Timely Viticulture Timeline: Post Bloom
Jul 07, 2020
By Dr. Joseph Fiola , and Mengjun Hu, Ph.D

Downy Mildew Management

Downy mildew is now a year-long challenge for grape growers in the East. Downy mildew is often difficult to manage because it requires specific weather conditions to become a serious threat, but it can develop into an epidemic very quickly in favorable weather.

Downy Mildew Basics

  • The downy mildew (DM) pathogen, Plasmopara viticola, is a fungus-like organism (an oomycete) that overwinters in the vineyard as resting spores (oospores) produced from infections in last year’s fallen leaves.
  • Overwintering infections may become active in the spring as soon as the 2nd or 3rd leaves separated (about 1-inch shoot length).
  • Oospores germinate to produce sporangia (fruiting bodies) during wet periods at temperatures of 52° F or higher.
  • DM can attack all green parts of the vine, especially the leaves.
  • Primary infections occur when sporangia are blown or splashed onto shoots, leaves, or developing clusters. Sporangia release “swimming” spores (zoospores) onto wet tissue. Zoospores migrate to stomata and can cause infection within a few hours.
  • Secondary cycles of infection begin when these primary infections produce sporangia, visible as cottony white fibers on the undersides of infected leaves and on clusters. These sporangia may be blown long distances.
  • Rapid secondary spread requires warm, humid nights (65–77° F, >95% RH) followed by cloudy weather and frequent showers. Under ideal conditions, each new infection can develop and produce spores in 4 to 5 days. Disease levels can escalate quickly from minimal to devastating.
  • Lesions on the upper surface of the leaves are angular, yellowish, sometimes oily, and a white downy fungal growth (sporangia) will appear on the underside and other infected plant parts.
  • Vines remain vulnerable to defoliation throughout the season. Premature loss of leaves can jeopardize yield and increase the risk of winter injury.
  • Infected parts of young fruit clusters on susceptible cultivars may become discolored or wither and die. If infections occur on the young bunch stalk, the entire inflorescence may die. The clusters become immune to infection within 2-4 weeks after bloom, although all parts of the rachis may remain susceptible 2 months after bloom.

Managing Downy Mildew

  • Prevention of primary infections is key. As noted, the pathogen overwinters as oospores inside last year’s fallen leaves. Practices that aim to reduce initial inoculum in the spring is therefore beneficial. For example, shredding with a flair mower, burying, or removing leaves during dormant.
  • Additionally, the application of urea in the fall has been used to aid in the breakdown of leaves for tree fruit disease management. The idea behind urea is that it will feed the microbes in the soil to help break down the leaf tissue. Urea should be applied on the canopy and the ground at 40 lb./A (dissolve 40 lbs. of feed-grade urea in 100 gallons of water) when 70-80% leaves have fallen. Feed-grade urea is recommended due to its high solubility in water.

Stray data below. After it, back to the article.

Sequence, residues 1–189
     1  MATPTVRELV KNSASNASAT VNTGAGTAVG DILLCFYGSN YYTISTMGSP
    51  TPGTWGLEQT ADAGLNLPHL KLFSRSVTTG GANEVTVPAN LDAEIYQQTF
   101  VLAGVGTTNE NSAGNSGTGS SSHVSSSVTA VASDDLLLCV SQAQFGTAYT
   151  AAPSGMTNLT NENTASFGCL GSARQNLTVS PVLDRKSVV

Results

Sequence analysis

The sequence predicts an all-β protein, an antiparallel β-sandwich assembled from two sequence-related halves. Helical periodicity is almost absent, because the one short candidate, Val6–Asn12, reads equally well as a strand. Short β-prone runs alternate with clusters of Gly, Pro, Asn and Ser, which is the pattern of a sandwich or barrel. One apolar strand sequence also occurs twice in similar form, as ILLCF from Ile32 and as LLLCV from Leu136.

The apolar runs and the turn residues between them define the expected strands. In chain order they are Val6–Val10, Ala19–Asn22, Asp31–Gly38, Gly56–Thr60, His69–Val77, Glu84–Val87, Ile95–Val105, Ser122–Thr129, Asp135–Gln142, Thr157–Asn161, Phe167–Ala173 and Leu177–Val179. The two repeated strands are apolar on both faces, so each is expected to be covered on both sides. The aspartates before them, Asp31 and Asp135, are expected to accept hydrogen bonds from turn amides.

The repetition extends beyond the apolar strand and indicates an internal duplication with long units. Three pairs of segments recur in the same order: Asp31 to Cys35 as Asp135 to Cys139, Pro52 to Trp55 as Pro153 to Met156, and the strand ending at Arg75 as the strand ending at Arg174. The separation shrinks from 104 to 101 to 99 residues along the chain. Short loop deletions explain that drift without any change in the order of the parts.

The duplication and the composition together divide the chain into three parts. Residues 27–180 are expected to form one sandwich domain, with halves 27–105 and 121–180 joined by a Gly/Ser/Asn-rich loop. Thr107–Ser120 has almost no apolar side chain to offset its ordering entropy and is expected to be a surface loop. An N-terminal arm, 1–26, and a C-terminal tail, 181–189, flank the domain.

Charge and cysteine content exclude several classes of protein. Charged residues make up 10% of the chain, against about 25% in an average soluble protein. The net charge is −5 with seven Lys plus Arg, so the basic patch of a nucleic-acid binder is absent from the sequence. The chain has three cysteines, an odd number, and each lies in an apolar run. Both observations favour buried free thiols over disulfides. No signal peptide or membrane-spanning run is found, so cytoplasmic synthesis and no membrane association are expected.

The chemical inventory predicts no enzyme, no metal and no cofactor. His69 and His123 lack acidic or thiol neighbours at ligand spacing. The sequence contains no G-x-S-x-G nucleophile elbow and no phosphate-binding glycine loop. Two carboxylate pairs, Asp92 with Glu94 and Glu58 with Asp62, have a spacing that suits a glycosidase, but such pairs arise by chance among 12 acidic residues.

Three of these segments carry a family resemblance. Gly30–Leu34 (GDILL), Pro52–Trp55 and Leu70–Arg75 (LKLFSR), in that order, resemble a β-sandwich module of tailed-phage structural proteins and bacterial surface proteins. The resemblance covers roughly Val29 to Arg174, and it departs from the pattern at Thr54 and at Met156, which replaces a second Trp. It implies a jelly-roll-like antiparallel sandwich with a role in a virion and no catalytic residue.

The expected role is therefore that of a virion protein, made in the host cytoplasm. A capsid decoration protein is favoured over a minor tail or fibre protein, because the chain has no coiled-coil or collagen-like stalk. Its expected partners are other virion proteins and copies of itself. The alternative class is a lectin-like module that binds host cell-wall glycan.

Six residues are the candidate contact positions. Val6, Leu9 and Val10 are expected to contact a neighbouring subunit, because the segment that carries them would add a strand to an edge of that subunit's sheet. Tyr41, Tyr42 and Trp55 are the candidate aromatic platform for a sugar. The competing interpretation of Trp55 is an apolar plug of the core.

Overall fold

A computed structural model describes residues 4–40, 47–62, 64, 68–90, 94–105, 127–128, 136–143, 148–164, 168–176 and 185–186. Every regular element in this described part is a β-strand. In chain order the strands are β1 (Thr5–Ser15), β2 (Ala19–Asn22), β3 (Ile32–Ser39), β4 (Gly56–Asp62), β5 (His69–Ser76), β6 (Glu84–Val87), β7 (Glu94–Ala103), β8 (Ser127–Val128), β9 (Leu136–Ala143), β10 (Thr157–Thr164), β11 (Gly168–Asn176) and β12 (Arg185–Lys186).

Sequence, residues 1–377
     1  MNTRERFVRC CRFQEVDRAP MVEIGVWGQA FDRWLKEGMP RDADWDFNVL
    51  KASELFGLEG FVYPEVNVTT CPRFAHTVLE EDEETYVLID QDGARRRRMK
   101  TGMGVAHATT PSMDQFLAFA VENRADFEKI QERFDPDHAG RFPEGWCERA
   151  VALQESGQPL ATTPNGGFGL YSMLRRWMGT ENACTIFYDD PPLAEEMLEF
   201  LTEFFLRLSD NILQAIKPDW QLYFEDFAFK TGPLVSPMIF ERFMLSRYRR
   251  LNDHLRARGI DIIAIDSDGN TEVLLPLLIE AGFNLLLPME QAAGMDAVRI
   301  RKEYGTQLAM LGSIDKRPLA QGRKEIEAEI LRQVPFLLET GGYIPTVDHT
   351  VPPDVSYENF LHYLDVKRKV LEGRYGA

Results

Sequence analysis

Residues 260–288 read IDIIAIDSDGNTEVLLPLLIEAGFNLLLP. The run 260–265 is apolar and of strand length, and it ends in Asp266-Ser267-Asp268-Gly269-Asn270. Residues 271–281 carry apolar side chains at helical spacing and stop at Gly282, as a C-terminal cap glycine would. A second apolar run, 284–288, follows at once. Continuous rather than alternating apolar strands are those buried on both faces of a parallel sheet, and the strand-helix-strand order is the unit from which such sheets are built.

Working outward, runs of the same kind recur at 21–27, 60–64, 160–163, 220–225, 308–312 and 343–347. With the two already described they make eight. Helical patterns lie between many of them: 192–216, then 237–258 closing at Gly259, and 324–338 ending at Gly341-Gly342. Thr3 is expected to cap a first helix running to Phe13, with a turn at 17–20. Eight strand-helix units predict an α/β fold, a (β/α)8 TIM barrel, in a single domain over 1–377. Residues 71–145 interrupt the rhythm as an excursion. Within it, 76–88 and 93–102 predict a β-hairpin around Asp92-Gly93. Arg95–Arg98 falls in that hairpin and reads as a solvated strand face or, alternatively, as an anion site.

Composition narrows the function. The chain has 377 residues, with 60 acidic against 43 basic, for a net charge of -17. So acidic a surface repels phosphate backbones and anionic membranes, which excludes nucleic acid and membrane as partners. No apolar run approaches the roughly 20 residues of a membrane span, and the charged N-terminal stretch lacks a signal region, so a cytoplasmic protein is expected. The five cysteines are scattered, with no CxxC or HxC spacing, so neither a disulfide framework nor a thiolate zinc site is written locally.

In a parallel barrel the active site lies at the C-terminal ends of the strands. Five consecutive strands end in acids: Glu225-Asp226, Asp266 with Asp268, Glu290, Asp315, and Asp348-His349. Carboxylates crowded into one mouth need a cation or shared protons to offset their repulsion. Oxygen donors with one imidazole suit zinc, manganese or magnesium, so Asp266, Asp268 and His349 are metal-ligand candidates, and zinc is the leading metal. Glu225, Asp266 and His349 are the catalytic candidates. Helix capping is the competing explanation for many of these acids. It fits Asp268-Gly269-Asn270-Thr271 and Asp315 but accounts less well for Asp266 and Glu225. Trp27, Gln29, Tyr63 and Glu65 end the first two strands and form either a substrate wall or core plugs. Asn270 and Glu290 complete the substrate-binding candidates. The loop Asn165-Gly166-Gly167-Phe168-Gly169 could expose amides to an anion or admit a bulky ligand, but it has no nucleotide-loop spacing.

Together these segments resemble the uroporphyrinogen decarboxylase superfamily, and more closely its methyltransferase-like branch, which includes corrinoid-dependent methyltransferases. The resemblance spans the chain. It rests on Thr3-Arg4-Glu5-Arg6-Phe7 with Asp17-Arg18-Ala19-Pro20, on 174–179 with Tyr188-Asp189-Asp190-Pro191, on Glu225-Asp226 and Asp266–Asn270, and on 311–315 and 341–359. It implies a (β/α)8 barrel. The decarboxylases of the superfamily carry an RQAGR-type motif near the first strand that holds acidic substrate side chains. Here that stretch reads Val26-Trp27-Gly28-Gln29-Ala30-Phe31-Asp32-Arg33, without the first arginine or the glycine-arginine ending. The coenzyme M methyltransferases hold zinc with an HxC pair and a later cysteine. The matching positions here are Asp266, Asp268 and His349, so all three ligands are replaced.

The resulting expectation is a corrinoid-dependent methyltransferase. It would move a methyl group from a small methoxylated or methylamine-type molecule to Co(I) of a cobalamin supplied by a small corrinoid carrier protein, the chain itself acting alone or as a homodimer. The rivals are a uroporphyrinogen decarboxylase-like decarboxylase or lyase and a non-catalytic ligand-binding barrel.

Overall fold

• DM epidemics are driven by moisture in the air and soil and on the vine. Choosing sites with well-drained soils and maximizing air circulation and speeding up vine drying through proper shoot positioning and leaf pulling will help to prevent primary DM infections and slow secondary spread if infections do appear.
  • Begin protectant fungicide sprays when shoots are 0.5–1 inch long in wet springs (especially after warm, wet winters) and in vineyards where DM was a problem in the previous year. Otherwise, add a protectant no later than the pre-bloom spray.
    • mancozeb, captan, ziram, and copper offer good protection when applied at 7 to 10-day intervals.
    • resistance to FRAC 11 (e.g. Pristine) and FRAC 40 (e.g. Revus) fungicides have been detected to DM pathogen in the region, so minimize the use of these chemical classes of fungicides and do not use them alone for protection.
  • After bloom, scout regularly for DM on leaves, shoots, and clusters. Infected clusters may fail to set fruit or turn brown, shrivel, and become covered with white, cottony spores. Early leaf symptoms are yellow “oil spots” on the upper sides that soon produce white, cottony spores on the undersides. Late lesions turn brown, and severely infected leaves may drop.
  • If no DM is present in your vineyard, continue protectant sprays through the 1st cover spray (2nd post-bloom spray) to fully protect fruit, then adjust your cover sprays according to the weather. Berries become immune to direct infection about 2 weeks after bloom but maybe infected via the rachis for about 2 more weeks.
    • Captan, ziram, copper, carboxylic acid amides (CAAs; Revus, Zampro, Forum), Quinone inside inhibitors (Qils; Ranman), and phosphites (e.g. Phostrol, ProPhyt) are options after you reach the seasonal limit or 66-day PHI for mancozeb.
    • CAAs, Qils, or Phosphites should be rotated with other materials for resistance management.
  • If you see symptoms of DM, apply a fungicide with post-infection and anti-sporulant activity as well as protective activity as soon as possible.
    • Ridomil Gold is available only as a premix with mancozeb (66-day PHI) or copper (42-day PHI). It is very effective on serious outbreaks but highly resistance-prone—and expensive. Make no more than (preferably 1) application per season, and rotate to another DM fungicide between applications.
    • Phosphites (0-day PHI) offer good post-infection and anti-sporulant activity, especially on “oil spot” lesions that are not yet sporulating.

For more information, contact Dr. Mengjun Hu at mjhu@umd.edu or Dr. Joseph A. Fiola at jfi0la@umd.edu.

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